His stories often read like thoughtful essays, his essays like poems, and his poems like brief narrations. Borges in conversation similarly transcends and transmutes our expectations of the ordinary colloquy. In the wide-ranging dialogues presented in this volume, the author's thoughts are evoked through the perceptive questioning of Willis Barnstone, John Coleman, Alastair Reid, Dick Cavett, and others. The resulting interplay between Borges and his interview2ers makes fascinating reading, revealing him as perhaps the premier conversationalist of our time. Borges chats intimately with his audience. "A crowd is an illusion... I am talking to you personally," he tells one group. Candor, wit, and humorous self-disparagement mark his responses, as do the Socratic qualities of profound yet amusing meditation and retort. "When I wake up," he informs us, "I wake to something worse. It's the astonishment of being myself." With the haunting resonance and structure of a fugue, the pervasive themes of Borges' works (or "exercises" as he chooses to call them) are woven throughout these evocative conversations. The nightmares, labyrinths, mazes, and mystic experiences that are part of Borges' creative mythology similarly loom large in his conversations. Revealed here are the interests that have continued to engage the writer-Old English and Old Norse sagas, his favorite authors (notably Whitman, Poe, and Emerson), the Kabbalah-as well as his feeling of what it is like to be blind, and now, in his eighties, his thoughts on death. A dozen of Borges' poems are reproduced, both in Spanish and in English translation, followed by remarks on how he came to write them and what they mean. Willis Barnstone's remarkable photographs complete the sensitive word portrait that emerges in Borges at Eighty: Conversations.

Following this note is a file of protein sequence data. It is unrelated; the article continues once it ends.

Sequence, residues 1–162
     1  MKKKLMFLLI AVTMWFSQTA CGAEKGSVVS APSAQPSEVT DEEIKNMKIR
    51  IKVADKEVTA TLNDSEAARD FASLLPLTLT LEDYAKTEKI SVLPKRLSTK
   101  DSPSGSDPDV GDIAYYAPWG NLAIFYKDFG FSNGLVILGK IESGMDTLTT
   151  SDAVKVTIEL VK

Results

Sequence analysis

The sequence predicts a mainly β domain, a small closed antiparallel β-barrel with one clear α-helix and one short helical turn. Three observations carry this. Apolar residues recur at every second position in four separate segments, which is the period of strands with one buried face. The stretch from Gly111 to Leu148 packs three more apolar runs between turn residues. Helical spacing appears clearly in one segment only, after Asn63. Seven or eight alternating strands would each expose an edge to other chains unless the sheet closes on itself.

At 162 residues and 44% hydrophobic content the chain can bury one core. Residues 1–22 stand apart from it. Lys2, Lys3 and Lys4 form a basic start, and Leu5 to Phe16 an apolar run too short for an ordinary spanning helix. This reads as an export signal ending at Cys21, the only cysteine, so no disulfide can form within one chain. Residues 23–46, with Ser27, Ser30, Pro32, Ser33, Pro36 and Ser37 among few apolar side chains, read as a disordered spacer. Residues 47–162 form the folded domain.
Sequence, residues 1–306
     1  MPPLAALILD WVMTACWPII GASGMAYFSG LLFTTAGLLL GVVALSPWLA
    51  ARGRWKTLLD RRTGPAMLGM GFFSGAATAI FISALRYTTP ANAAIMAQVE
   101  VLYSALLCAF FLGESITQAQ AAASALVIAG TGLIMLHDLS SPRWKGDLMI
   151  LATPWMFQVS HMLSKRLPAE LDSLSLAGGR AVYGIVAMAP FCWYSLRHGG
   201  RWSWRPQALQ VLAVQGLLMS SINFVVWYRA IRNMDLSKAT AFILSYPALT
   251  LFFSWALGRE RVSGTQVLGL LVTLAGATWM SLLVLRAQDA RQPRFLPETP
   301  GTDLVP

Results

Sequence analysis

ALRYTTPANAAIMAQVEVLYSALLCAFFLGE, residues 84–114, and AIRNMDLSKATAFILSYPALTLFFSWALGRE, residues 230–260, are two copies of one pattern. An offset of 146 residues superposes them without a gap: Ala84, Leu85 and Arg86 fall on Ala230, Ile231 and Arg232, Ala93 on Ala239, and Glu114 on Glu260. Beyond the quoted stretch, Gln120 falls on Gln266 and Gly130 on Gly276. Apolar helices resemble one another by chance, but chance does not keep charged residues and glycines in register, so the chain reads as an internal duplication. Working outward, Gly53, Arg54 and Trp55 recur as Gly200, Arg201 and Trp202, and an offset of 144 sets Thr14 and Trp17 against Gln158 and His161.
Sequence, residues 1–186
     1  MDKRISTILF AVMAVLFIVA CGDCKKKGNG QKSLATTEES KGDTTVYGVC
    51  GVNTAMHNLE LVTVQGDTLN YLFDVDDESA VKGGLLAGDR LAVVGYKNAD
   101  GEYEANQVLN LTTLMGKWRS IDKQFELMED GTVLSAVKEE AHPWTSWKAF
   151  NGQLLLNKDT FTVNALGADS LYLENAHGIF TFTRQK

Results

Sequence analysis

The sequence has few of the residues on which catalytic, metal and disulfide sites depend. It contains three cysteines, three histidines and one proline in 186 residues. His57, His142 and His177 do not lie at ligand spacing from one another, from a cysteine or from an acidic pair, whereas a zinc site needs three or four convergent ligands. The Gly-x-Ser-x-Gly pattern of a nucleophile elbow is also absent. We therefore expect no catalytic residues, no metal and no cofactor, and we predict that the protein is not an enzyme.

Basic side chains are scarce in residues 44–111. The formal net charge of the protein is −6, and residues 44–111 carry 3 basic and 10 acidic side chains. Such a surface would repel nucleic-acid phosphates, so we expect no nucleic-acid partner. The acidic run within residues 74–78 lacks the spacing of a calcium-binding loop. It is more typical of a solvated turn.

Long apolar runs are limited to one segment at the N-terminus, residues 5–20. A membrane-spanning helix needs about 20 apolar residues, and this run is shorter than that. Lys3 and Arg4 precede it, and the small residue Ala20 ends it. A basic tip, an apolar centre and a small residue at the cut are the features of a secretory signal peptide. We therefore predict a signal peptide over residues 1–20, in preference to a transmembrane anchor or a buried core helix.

Standing by Words
Wendell Berry - 1982
From the essay, Standing by Words, Berry writes, “Two epidemic illnesses of our time—upon both of which virtual industries of cures have been founded—are the disintegration of communities and the disintegration of persons. That these two are related (that private loneliness, for example, will necessarily accompany public confusion) is clear enough. What seems not so well understood, because not so much examined, is the relation between these disintegrations and the disintegration of language. My impression is that we have seen, for perhaps a hundred and fifty years, a gradual increase in language that is either meaningless or destructive of meaning. And I believe that this increasing unreliability of language parallels the increasing disintegration, over the same period, of persons and communities.” Out-of-print for more than fifteen years, Standing by Words offers a masterfully written argument for the literary tradition.
A Susan Sontag Reader
Susan Sontag - 1982